Depression is a debilitating disease that can affect people of all ages. One of the most common treatments for depression is a class of antidepressant medications called selective serotonin reuptake inhibitors (SSRIs). For many people with depression or anxiety, SSRIs are highly effective at controlling symptoms. For a fraction of people, however–particularly children and teens–SSRIs may lead to increased depression and suicide risk.
The Data on Suicide and Antidepressants
In 2004, the U.S. Food and Drug Administration (FDA) issued a public warning about prescribing SSRIs to adolescents. The FDA warned that these medications may increase suicidal thoughts or ideation in people under 18 years old. In 2006, the warning was extended to include young adults up to age 25. As part of this warning, the medications must come with a “black box” label to alert patients of the potential risks.
The FDA made this black box labeling requirement (the most serious labeling requirement it can issue) based on its review of the literature on the use of SSRIs in adolescents. This review found that 4 percent of kids and teens taking SSRIs reported having thoughts of suicide or made a suicide attempt. Only 2 percent of patients on a placebo in these studies had the same experiences. These data suggested to the reviewers at the FDA that SSRIs may cause suicidal tendencies in some adolescents.
Since the FDA warning, much more research has been initiated to try to determine if SSRIs really do increase adolescent suicide risk. Antidepressants can lessen thoughts of suicide in many depressed people, including adolescents, suggesting that the benefits may outweigh the risks in most cases. However, more research is needed before conclusions can be made and, at this time, the black box warning remains in effect.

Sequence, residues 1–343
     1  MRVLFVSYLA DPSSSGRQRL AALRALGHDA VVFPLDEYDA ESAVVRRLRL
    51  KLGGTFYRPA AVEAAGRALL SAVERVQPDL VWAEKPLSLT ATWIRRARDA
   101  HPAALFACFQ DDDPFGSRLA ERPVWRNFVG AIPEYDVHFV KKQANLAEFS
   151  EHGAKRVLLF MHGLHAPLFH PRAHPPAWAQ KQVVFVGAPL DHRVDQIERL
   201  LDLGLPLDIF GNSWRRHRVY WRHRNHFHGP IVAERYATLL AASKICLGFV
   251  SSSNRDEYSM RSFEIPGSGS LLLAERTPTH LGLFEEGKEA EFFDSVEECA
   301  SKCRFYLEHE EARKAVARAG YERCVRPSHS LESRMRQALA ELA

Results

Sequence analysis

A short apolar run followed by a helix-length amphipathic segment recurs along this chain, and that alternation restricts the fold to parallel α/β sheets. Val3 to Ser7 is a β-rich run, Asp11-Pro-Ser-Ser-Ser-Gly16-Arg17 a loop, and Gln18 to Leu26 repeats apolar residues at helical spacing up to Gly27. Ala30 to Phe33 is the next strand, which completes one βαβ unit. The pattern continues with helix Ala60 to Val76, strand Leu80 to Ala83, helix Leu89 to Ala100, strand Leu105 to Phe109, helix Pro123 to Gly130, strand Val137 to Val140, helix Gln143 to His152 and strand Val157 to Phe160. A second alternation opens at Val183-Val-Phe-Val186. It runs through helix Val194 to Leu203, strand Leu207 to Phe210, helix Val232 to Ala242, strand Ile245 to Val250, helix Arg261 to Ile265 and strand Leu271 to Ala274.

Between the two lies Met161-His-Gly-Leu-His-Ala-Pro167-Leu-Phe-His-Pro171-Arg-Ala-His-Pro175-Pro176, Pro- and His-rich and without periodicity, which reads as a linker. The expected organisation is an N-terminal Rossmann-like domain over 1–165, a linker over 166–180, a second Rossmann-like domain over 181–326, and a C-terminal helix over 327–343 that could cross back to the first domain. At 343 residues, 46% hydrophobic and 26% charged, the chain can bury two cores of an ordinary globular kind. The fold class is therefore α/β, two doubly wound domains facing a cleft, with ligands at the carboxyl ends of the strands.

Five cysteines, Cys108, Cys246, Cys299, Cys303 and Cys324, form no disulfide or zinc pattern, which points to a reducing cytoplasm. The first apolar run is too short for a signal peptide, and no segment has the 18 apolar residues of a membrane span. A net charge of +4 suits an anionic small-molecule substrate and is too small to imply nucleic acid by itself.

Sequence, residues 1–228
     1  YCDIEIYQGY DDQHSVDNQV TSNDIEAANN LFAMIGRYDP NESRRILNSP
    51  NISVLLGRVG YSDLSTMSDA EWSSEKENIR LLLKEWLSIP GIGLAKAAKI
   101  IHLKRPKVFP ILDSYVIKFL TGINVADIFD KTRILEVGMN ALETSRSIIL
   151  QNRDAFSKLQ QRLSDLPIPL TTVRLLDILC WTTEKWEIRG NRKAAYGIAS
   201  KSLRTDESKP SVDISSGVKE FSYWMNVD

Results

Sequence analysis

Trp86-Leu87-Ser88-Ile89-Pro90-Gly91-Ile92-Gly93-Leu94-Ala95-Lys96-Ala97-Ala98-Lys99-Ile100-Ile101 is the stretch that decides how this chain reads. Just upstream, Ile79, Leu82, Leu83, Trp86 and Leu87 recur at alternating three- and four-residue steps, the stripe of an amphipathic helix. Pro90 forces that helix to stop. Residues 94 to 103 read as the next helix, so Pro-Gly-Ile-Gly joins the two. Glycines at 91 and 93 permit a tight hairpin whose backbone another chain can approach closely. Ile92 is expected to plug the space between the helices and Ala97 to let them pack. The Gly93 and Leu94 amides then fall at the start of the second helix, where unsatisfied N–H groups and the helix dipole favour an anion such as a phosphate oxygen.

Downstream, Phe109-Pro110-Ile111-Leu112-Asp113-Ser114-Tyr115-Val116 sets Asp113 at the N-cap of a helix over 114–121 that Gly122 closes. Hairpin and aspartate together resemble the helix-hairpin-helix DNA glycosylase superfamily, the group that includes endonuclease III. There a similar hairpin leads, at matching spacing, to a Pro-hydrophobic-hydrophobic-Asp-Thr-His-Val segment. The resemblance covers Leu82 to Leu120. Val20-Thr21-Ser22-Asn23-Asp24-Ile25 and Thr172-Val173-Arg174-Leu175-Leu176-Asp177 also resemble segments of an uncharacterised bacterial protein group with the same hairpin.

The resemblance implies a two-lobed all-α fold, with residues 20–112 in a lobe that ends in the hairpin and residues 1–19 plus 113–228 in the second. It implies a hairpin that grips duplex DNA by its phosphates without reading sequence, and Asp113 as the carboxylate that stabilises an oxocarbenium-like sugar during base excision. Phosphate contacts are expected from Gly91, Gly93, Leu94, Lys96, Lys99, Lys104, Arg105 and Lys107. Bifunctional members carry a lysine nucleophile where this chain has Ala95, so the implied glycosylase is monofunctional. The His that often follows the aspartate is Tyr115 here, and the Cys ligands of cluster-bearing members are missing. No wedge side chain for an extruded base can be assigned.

What to Do for a Depressed Teen
For teens and adults, depression is most commonly treated with a combination of antidepressants and psychotherapy. Some people, however, can be effectively treated with psychotherapy alone, particularly if their symptoms are mild. Teens and parents who are concerned about the risks of antidepressants can opt to try psychotherapy first and then determine if medication is necessary.
Currently, medical professionals don’t have a way to predict how a patient will respond to antidepressants, so careful monitoring of symptoms during the initial weeks of treatment is critical. Some of the signs to watch for include:
- Nervous or agitated behavior
- Sudden onset of insomnia or increase in insomnia
- Talk of suicide or death.
Teens already taking an SSRI or other antidepressant are advised to continuing taking their medication as prescribed until they can talk with their doctor. If the medication is working as it should–without adverse side effects–there’s likely no reason to discontinue using it.
Mayo Clinic Staff. (2008). Antidepressants for children: Explore the pros and cons. Retrieved September 6, 2010, from http://www.mayoclinic.com/health/antidepressants/MH00059
National Institute of Mental Health. (2010). Antidepressant medication for children and adolescents: Information for parents and caregivers. Retrieved September 6, 2010, from http://www.nimh.nih.gov/health/topics/child-and-adolescent-mental-health/antidepressant-medications-for-children-and-adolescents-information-for-parents-and-caregivers.shtml
Stoltz, C. (2007). SSRIs appear to reduce, not raise, teen suicide risk. Retrieved September 6, 2010, from http://www.healthcentral.com/depression/c/5050/13247/data-teen-risk
U.S. Food and Drug Administration. (2007). FDA proposed new warnings about suicidal thinking, behavior in young adults who take antidepressant medications. Retrieved September 6, 2010, from http://www.fda.gov/NewsEvents/Newsroom/PressAnnouncements/2007/ucm108905.htm
U.S. Food and Drug Administration. (2007). Questions and answers on antidepressant use in children, adolescents and adults. Retrieved September 6, 2010, from http://www.fda.gov/Drugs/DrugSafety/InformationbyDrugClass/ucm096321.htm